Microsoft Word: How to open or import other file formats

Word can handle a surprising number of file formats, though some may look funny.

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You can open or import a surprising number of file formats into Microsoft Word. Not to be confused with file formatting, which—in most programs—refers to the design of a page, file formats are little encoded programs that tell computers how to handle the files used in specific programs. Look for the three or four letters after the period that follows the file name—that’s the file extension revealing the associated program.

Not all file formats are compatible with all programs, especially those that are radically different, such as a word processor vs. a programming language, or a music file and a graphic file. However, many programs that are similar, such as Word and WordPerfect,  are generally compatible.

Word is flexible enough even to bring in spreadsheets from Excel or slides from PowerPoint, as well as text from other word processors. Weird line breaks and other issues can arise, however, so follow these instructions for the smoothest results.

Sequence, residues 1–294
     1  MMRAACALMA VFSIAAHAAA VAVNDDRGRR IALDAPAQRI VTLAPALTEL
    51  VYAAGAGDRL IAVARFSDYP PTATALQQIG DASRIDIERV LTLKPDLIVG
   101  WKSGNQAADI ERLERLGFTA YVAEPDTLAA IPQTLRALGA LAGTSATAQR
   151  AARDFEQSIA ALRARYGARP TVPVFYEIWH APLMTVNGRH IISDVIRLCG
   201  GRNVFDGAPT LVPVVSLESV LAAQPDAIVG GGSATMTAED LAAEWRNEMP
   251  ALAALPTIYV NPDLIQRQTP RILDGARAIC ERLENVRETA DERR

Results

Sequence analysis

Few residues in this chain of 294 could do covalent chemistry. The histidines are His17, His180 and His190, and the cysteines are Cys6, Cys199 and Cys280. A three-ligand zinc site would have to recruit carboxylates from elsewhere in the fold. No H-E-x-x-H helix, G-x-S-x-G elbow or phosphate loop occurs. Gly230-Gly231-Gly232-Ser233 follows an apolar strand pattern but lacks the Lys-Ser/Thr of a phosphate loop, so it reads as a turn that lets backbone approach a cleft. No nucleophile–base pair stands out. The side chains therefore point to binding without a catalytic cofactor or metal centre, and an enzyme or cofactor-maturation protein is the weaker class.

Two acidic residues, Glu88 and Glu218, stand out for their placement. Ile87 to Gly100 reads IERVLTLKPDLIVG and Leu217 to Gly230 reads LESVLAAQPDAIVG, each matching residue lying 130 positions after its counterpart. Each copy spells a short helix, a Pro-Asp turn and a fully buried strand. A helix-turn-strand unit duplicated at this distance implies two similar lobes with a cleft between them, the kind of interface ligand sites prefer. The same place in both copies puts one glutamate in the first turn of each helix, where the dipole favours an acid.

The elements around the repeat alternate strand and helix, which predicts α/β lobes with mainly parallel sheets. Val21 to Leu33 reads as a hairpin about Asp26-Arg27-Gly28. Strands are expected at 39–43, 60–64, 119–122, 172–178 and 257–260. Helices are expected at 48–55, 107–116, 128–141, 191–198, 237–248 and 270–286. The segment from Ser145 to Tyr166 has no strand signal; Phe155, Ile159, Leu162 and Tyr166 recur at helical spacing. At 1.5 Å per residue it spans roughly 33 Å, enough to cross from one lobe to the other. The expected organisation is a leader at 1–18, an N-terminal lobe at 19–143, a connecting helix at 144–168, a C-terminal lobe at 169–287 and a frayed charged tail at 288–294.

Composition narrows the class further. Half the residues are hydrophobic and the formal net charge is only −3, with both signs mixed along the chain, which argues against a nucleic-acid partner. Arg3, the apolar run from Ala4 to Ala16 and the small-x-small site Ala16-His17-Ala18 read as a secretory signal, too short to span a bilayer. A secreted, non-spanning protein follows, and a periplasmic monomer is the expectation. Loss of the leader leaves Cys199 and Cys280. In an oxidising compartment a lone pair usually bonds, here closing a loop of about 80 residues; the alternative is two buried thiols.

How to open other text formats in Word

Notice how many file formats Word can open with its (hidden) built-in conversion utility.

1. Select File > Open

2. Click the down arrow beside the File Types list box (above the Open and Cancel buttons)

3. Select All Files from the list, and Word displays a long list of conversion-compatible file formats.

01 select all files from the ms word list JD Sartain / PC World

Select All Files from the MS Word file format list

4. Choose a format from the drop-down list—for our example, we’ll choose Text Files (TXT).

5. Navigate to the appropriate folder. Word displays a list of all the .TXT files available in the target folder.

6. Select the applicable file, and click Open.

7. If the text encoding is questionable, Word displays a dialog that asks you to choose the correct one (such as Windows Default). Click the appropriate button, then click OK, and the text file opens.